Understanding the Dynamics of Abusive Relationships
Kiss me, kill me, kiss me again — the dynamics of abusive relationships.
Posted July 14, 2008 | Reviewed by Ekua Hagan
Abusive relationships are fairly simple. They are driven by insecurity, the fear that feeds that insecurity, and an expectation of inconsistency, both real and perceived.
An abuser is morbidly insecure. S/he (yes, potentially she) has little sense of his/her own social value and makes an effort to gain or regain some semblance of that value through domination and control. The fear that feeds this insecurity has two fronts: fear of not being lovable, and fear of appearing weak. The paradox here is that the abuser is, in fact, weak, which is why s/he abuses in the first place — to maintain a sense of control. The perceived inconsistency on the part of the abuser by the victim is that the victim is not submitting to the abuser's domination.
The victim is also morbidly insecure, and for surprisingly similar reasons. S/he also has little sense of his/her own social value, but makes an effort to establish that value by losing him/herself to the demand for submission. The fear that feeds this insecurity is also about not being lovable or loved, and there is a willingness to accept the inconsistency of the abuser's attention for the sake of being loved.
The pathological need to control on the part of the abuser and the pathological need for attention on the part of the victim is a match made in heaven. We are all just a bunch of neurotic habits that tend to find a fit with our opposite to create a psychosocial balance. Abusive relationships are one of the most extreme cases of this dynamic.
So, what do abusive relationships look like? Well, it's not always about being slapped around. Abusive relationships come in all forms along with physical abuse — social abuse, emotional abuse, sexual abuse (we are not referring here to molestation), financial abuse, etc. Abuse is about a dynamic of extremes, domination and submission. It is about giving and withholding, also in the extreme.
Let's look at social abuse. Have you ever had a boss who praises you one minute, and makes you wonder if you'll have a job tomorrow the next? Or lets you work yourself to the bone on a project, only to take the credit or give the credit to someone else? That's an abusive dynamic. Your boss has a need to control you because s/he is threatened by you, or has a sense of insecurity about his/her own ability to motivate or lead. And you have a need for a job — a metaphor for being loved — so you put up with it. You submit.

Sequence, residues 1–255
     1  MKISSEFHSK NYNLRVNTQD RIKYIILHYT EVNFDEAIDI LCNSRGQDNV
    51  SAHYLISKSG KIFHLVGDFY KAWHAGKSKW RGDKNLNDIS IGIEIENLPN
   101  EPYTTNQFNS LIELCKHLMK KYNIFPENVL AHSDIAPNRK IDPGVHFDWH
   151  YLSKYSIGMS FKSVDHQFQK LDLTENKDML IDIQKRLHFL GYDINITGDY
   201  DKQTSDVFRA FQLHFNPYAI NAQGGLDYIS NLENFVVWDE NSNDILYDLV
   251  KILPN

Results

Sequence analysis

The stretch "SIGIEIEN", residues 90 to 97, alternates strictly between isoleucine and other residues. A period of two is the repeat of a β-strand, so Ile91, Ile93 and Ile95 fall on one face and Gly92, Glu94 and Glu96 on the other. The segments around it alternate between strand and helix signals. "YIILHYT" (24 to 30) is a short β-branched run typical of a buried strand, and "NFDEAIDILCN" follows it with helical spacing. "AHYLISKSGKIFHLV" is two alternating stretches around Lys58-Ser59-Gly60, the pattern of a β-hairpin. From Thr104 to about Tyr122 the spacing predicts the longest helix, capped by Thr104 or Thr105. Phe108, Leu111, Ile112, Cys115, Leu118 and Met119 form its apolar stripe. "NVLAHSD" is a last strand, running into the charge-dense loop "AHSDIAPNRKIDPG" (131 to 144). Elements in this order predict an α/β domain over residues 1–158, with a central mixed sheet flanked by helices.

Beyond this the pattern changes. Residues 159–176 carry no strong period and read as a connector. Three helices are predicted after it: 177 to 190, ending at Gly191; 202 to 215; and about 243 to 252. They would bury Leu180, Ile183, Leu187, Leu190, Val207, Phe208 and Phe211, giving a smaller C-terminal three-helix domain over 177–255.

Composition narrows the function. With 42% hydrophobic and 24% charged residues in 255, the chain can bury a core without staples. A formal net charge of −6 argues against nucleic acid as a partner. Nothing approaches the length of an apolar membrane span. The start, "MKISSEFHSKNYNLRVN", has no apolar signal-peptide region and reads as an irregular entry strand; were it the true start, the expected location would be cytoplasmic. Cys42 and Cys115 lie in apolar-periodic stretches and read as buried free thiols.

The abuser is also driven by a more subtle and primitive sense of fear. Because s/he is often limited in his/her social perspective and sees things only from an egocentric perspective (i.e., has not developed a sense of ethnocentric compassion), s/he will lash out when s/he sees no other options.
The victim, on the other hand, tends to be an emotional anorexic. Starving themselves, or allowing themselves to be starved and then gorging on whatever comes their way, only to feel guilty about it later because of a sense of not deserving what they have received. There's a state of mind that drives this neediness — needing, but not having; having, but not wanting; and needing again.
Sometimes for the victim, there is also a sense of familiarity and comfort in an abusive relationship, which is why victims will often return to an abusive relationship or, leaving one, will unconsciously seek out another.
Think about growing up. Was there something that your family did that was unusual (sitting around at night, singing together, or working in a community garden) that you just assumed everyone did, and you were later surprised to find that you were mistaken? It's the same thing — if you are socialized to equate love with pain or withholding, then you will seek out love in that form.
My favorite example of this is the silverware drawer. Think about where the silverware drawer was in the house in which you grew up. Now, think about where it is in your house. Allowing for architectural differences, I suspect about 90 percent of you will find that it's in the same place it was when you grew up. It's a memory map... why fix it, if it's not broken?
But what if you don't, or can't, recognize that it's broken? That's where we get ourselves into trouble, and how we come to repeat social and relational patterns.
Abusive relationships are tricky and, just as a fish doesn't know that he's wet, we often don't see the subtle markers for abuse in a relationship, because we are in it. Further, relationships fill our needs, and when our needs are being met, we don't necessarily have an imperative to look at how they are being met.
Here's the thing: It all comes back to us, to our responsibility and accountability. But, in this case, it comes back to responsibility to ourselves and accountability to ourselves. Instead of just riding the wave, if we choose to mindfully examine the nature of our relationships and make a determination of what is acceptable and not acceptable to us, of what feeds us, rather than bleeds us, then we are living, and loving, authentically and with mindful awareness.
© 2008 Michael J. Formica, All Rights Reserved.